Whether injecting Hummels was the right choice is yet to be seen. Portugal didn’t test the defense until late, when they looked quite good while doing so. Overall, there was little to learn from the back line’s first 90 minutes.

Against the Dutch, the back four should be so lucky. The Bayern Munich-heavy defense will be familiar with teammate Arjen Robben as well as Wesley Sneijder, who led the Inter Milan team that downed Bayern in the 2010 Champions League final. Then there’s Robin van Persie, the leading scorer in the English Premier League.

As with the Dutch defense, we’re likely to answers after Wednesday’s game. Given few would argue Mats Hummels is a worse player than Per Mertsesacker, this defense may be an improvement on the one that took Germany to third in South Africa.

ProSoccerTalk is doing its best to keep you up to date on what’s going on in Poland and Ukraine. Check out the site’s Euro 2012 page and look at the site’s previews, predictions, and coverage of all the events defining UEFA’s championship.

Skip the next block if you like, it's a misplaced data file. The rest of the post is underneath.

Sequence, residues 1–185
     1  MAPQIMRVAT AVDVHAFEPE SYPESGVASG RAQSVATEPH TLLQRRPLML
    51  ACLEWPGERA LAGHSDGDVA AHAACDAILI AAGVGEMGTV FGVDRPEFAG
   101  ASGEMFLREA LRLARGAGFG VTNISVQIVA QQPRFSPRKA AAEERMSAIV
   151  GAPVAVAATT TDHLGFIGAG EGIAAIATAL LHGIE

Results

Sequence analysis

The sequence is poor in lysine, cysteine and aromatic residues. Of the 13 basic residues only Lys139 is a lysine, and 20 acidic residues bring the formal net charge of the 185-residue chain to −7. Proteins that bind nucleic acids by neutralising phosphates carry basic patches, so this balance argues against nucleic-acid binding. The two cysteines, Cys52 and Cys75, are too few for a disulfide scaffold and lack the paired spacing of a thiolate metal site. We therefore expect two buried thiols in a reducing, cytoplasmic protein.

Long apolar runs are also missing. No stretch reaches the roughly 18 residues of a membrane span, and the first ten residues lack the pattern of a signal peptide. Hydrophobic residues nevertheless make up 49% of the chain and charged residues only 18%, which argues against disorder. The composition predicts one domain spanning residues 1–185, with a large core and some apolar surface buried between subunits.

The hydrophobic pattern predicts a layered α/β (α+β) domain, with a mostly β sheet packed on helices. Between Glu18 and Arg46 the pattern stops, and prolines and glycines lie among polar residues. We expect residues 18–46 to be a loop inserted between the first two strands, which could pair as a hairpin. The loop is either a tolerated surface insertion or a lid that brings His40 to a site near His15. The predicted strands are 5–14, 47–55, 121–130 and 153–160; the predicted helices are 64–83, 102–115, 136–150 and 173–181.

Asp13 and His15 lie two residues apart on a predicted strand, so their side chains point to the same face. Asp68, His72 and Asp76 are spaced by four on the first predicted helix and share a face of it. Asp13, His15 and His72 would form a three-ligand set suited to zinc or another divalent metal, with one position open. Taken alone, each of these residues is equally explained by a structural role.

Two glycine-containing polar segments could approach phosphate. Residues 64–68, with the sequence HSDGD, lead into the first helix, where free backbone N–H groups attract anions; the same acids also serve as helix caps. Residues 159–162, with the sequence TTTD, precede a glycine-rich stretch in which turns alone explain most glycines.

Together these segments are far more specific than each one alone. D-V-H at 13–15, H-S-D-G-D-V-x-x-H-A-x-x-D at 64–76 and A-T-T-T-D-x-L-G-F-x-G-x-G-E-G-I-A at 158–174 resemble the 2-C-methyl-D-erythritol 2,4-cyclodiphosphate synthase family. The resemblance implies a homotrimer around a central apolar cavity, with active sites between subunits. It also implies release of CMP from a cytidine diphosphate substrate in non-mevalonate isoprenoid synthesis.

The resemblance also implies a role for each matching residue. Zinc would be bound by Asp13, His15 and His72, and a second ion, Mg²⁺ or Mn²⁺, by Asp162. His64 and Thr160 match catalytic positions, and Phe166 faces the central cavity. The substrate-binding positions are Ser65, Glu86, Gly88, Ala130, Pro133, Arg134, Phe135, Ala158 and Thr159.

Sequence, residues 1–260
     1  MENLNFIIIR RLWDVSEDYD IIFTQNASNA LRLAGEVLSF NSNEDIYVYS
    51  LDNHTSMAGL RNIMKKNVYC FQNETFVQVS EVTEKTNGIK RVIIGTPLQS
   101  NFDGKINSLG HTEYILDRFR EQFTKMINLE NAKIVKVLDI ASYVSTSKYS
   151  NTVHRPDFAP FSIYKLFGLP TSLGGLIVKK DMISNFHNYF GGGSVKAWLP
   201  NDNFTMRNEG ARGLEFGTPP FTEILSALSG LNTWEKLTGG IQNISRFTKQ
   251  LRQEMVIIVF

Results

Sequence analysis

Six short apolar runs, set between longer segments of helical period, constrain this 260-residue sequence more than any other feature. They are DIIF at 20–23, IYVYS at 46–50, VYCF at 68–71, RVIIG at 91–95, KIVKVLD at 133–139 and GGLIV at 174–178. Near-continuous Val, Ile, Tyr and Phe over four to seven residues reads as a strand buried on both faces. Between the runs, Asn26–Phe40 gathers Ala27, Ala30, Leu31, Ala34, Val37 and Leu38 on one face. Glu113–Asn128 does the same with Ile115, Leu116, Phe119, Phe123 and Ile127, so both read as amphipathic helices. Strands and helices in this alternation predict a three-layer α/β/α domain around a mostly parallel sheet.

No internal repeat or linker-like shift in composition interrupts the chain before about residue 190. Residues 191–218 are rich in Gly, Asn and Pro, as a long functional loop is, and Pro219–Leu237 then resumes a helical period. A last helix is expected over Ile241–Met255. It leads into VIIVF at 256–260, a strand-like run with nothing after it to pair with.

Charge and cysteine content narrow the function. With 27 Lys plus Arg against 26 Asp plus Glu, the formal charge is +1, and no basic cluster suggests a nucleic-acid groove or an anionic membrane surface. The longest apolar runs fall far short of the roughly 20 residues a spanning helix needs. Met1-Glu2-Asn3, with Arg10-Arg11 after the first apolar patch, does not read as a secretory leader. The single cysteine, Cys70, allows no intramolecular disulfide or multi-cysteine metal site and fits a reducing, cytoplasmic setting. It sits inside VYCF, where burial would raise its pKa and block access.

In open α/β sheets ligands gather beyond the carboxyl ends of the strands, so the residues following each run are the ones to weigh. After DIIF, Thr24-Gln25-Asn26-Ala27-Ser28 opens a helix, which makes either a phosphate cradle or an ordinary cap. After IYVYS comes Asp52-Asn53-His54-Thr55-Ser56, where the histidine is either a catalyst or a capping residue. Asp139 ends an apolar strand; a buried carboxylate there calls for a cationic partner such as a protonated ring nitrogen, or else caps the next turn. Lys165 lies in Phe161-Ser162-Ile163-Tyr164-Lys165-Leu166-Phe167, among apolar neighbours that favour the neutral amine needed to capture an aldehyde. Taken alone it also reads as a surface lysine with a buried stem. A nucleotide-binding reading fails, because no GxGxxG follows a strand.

Barcelona plan Cruyff tribute at club’s training center

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BARCELONA, Spain (AP) One year after his death, Barcelona says it will name the future stadium at its training center after Dutch great Johan Cruyff.

The new stadium at Barcelona’s training center just outside the Catalan city will be called “Johan Cruyff Stadium” in honor of the club’s former player and coach.

Barcelona says in a statement that “the most emblematic building in the facility where future Barca players are coached is to be named after somebody who played such a central role in fostering youth talent at the club.”

Barcelona also says it will commission a “commemorative sculpture” of Cruyff, who died of lung cancer on March 24 last year at age 68. The statue will be placed at Barcelona’s main Camp Nou stadium.

Cruyff is largely credited with launching Barcelona’s era of trophy success, both as a player and a coach.

As a player, Cruyff joined Barcelona midseason in 1973 and led the middle-of-the-table team to its first national title in a decade.

He later returned as a coach and guided Barcelona to four consecutive Spanish leagues from 1991-94 and the club’s first European Cup in 1992.

“I think the tributes are very warming,” said Cruyff’s son, Jordi Cruyff. “It sort of changes the sadness that we might feel as family to lose a father, a husband and a grandfather. It changes to a certain kind of pride to understand that he left something behind.”